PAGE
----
However, after all possible information has been acquired and verified scientifically, the final steps in the formulation of legislation or governmental policy will be based upon value judgements. Even the classification of the effects of drug use as 'beneficial' or 'adverse' is a process of evaluation with respect to subjective standards.
The response to non-medical drug use is profoundly a matter of attitudes. At the same time we must make every effort to ascertain what should be accepted as scientific knowledge of the 'objective' effects. It is intolerable that the process of subjective evaluation should take place in ignorance of the objective facts. At the same, we would do well to heed Goode's caution that there is an inevitable tendency to select and emphasize those views of 'objective' facts which support our own subjective evaluation. And as Goode points out, with special reference to the La Guardia Report on marijuana, the various findings can be used to support conflicting points of view. Are we to conclude that the task is hopeless? We think not. We can certainly make progress by attempting to identify what should be accepted scientifically concerning the 'objective' effects, by pointing out the important areas of scientific controversy or lack of scientific knowledge, and by making explicit the value judgements underlying the conflicting views as to how the effects should be subjectively characterized. We believe it is helpful to clarify the issues of the debate.
19. The members of the Commission and their staff are listed in Appendix C. The Commission is carrying out its task with a small nucleus of full-time staff and with research consultants on a part-time basis for special aspects of its study. The Commission's Research Associates, Dr Charles Farmilo and Dr Ralph D. Miller, are concentrating on psychopharmacological research into the effects of the drugs. Dr Miller is the author, with the assistance of Dr Farmilo, of Chapter Two on 'The Drugs and Their Effects'. Research that has been commissioned so far includes survey research to determine the extent and patterns of non-medical drug use in Canada, as well as Canadian perceptions of and attitudes towards this phenomenon, and legal studies, both doctrinal and empirical, of the various problems involved in the regulation of non-medical drug use. The section of Chapter Five dealing with the law is based in part on preliminary work by Professor Paul Weiler and John Hogarth.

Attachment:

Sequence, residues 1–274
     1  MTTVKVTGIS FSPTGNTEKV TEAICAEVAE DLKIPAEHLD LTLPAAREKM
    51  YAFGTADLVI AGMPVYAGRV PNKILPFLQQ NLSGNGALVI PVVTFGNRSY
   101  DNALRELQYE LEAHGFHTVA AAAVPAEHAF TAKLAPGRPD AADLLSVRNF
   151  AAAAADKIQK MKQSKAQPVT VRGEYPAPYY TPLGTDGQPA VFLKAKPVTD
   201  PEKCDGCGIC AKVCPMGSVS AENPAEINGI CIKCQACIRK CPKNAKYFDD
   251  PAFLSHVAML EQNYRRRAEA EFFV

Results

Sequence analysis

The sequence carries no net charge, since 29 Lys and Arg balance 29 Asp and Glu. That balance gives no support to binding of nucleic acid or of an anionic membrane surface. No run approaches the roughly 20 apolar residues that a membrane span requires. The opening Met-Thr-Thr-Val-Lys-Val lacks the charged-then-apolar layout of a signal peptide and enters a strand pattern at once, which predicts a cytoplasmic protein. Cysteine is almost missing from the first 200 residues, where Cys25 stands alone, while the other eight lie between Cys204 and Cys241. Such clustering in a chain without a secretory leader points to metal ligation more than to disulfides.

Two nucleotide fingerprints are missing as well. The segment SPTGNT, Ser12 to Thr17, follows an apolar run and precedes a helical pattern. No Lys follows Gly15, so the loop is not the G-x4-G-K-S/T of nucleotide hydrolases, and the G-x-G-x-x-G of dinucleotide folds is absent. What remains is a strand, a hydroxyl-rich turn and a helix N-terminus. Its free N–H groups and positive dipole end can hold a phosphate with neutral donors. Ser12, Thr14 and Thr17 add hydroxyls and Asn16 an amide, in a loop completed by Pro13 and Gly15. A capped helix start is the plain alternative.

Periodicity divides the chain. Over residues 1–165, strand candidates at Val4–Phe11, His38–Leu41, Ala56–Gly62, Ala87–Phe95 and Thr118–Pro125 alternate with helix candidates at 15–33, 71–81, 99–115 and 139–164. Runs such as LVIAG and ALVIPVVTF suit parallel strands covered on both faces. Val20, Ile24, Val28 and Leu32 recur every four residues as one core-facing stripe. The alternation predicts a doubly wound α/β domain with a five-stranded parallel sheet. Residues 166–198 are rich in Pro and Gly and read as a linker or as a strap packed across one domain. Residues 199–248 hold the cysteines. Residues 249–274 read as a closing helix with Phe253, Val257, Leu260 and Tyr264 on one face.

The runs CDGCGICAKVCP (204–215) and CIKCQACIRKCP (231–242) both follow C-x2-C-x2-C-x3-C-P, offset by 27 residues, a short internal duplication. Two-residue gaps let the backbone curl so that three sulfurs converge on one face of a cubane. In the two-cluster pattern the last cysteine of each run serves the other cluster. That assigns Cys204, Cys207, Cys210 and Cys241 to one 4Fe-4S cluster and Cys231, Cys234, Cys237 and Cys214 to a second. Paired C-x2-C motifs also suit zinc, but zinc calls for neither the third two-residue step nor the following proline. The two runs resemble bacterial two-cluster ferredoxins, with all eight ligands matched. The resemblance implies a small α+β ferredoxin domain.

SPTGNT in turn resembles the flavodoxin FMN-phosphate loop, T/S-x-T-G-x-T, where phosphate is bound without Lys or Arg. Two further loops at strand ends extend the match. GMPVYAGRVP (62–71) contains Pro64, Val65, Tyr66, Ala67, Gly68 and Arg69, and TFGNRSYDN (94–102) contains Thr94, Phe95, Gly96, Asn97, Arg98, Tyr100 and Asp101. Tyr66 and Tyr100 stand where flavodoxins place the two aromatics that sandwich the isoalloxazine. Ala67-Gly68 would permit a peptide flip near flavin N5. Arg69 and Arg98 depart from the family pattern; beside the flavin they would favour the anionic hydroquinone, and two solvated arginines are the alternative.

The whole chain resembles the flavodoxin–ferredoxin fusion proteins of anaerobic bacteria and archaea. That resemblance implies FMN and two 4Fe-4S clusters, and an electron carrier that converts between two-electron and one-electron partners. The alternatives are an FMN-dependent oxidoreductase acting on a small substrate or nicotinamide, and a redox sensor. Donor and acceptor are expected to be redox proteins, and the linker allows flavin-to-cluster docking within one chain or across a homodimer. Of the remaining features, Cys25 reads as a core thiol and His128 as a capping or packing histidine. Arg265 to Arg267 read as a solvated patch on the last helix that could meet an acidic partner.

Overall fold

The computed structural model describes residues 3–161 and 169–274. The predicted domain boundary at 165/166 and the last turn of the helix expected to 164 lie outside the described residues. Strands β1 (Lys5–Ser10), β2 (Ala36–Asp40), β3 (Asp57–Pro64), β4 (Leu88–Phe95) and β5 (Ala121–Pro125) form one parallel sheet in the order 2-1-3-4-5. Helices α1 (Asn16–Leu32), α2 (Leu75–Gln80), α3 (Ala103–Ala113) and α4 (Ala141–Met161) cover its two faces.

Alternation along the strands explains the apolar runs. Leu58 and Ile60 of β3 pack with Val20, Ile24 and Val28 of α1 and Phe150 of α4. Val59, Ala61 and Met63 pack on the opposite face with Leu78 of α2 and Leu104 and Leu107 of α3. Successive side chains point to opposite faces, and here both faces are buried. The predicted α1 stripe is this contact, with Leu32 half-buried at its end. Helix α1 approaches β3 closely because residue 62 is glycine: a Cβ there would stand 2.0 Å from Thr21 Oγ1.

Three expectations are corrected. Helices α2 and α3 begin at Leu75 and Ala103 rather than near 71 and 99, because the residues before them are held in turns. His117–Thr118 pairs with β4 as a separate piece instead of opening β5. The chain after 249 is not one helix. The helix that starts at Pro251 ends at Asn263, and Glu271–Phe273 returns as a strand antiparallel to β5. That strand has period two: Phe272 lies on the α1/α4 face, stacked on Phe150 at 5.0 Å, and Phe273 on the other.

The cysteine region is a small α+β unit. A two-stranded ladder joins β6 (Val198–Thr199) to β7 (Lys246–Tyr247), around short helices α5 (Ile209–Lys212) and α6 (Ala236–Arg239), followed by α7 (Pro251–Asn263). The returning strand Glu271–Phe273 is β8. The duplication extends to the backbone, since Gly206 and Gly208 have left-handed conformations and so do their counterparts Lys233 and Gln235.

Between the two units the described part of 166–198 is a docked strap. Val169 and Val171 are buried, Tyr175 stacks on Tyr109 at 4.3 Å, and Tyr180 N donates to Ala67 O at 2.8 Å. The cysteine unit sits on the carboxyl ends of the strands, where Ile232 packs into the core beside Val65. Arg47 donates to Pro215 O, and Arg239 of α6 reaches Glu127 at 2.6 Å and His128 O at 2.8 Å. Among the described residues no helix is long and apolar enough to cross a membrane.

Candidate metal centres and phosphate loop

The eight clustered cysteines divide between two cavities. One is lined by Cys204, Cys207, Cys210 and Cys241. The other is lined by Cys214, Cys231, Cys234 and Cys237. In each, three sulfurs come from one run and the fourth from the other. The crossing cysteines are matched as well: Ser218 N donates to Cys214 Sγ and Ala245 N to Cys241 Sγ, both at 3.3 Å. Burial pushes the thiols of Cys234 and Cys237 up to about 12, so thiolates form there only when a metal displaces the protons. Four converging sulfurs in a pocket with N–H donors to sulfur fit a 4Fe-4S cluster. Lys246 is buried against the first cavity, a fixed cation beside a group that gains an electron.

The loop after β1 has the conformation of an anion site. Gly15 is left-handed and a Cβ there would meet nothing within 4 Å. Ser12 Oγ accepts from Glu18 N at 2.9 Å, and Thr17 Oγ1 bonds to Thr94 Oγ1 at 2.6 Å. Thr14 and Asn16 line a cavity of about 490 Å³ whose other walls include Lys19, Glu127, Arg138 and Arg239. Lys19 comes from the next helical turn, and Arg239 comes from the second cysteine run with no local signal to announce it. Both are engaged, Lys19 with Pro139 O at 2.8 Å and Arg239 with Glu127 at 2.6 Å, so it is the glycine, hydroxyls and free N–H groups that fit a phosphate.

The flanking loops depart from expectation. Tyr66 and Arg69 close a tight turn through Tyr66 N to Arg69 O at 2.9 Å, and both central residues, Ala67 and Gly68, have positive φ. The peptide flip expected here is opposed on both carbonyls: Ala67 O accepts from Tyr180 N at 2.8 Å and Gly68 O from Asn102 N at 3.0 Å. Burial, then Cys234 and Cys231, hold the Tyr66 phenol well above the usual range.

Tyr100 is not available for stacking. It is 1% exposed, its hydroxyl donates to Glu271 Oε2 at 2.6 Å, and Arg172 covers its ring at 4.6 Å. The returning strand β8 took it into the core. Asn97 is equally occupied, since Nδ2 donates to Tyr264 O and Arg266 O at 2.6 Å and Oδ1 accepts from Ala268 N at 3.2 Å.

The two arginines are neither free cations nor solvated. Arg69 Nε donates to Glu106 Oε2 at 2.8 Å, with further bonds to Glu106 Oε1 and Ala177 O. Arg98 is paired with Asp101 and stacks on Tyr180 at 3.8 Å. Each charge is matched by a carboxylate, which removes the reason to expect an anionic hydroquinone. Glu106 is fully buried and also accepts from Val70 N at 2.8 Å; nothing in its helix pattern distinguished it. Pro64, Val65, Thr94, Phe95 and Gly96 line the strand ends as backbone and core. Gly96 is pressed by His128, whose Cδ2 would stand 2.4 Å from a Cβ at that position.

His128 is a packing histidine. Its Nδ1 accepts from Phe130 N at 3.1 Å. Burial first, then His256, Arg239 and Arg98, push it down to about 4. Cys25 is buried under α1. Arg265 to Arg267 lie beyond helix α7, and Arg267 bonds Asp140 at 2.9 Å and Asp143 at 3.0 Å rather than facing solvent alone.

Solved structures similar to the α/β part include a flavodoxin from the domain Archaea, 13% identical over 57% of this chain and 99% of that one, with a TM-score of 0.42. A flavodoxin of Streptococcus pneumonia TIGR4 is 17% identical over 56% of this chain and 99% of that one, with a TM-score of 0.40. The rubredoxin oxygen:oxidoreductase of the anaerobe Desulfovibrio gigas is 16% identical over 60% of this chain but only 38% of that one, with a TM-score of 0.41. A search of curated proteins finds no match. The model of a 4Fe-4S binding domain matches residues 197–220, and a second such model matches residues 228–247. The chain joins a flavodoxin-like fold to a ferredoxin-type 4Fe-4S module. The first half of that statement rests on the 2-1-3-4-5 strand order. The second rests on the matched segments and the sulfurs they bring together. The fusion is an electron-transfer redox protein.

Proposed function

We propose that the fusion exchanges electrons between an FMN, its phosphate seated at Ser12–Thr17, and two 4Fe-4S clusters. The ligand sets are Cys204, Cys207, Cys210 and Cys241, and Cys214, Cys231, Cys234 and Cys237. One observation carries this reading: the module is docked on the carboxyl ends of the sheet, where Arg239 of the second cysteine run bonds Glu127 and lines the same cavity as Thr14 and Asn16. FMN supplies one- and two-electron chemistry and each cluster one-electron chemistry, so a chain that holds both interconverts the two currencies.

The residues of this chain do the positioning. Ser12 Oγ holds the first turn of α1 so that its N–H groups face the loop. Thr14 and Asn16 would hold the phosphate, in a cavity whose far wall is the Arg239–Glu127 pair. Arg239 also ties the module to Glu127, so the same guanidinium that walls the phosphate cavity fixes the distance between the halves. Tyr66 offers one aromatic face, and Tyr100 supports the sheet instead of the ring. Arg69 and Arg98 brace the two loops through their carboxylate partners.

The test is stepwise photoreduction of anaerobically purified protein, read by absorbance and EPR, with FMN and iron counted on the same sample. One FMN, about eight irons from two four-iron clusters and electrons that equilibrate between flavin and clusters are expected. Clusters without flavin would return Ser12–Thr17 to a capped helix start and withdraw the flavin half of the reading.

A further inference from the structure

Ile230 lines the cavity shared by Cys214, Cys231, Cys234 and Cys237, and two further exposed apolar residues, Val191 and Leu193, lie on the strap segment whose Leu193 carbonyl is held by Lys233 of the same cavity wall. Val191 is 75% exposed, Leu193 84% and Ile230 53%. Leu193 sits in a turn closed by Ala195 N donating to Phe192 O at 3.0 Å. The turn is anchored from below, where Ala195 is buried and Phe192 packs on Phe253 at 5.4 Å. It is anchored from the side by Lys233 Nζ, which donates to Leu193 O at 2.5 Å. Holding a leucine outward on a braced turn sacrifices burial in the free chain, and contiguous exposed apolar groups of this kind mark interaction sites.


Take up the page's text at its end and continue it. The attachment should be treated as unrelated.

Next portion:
Research is only part of the work that is involved in an inquiry of this kind. Special
mention should be made of the administrative staff who have had to work under particular
pressure because of the requirement of an interim report, impinging concurrently with the
organization and conduct of the public hearings. We would like to express our appreciation
of the work of Mr James J. Moore, Executive-Secretary of the Commission, who has had the
general direction of operations and who has also participated in the writing of the
report; Mr Jack Macbeth, who has been of great assistance in the organization of hearings
and the preparation of the report; Mrs Vivian Luscombe who has supervised the secretarial
staff of the Commission; Mr C. William Doylend, the Ottawa Office Manager, and other
members of the administrative, secretarial and research staff.
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Canadian Government Commission of Inquiry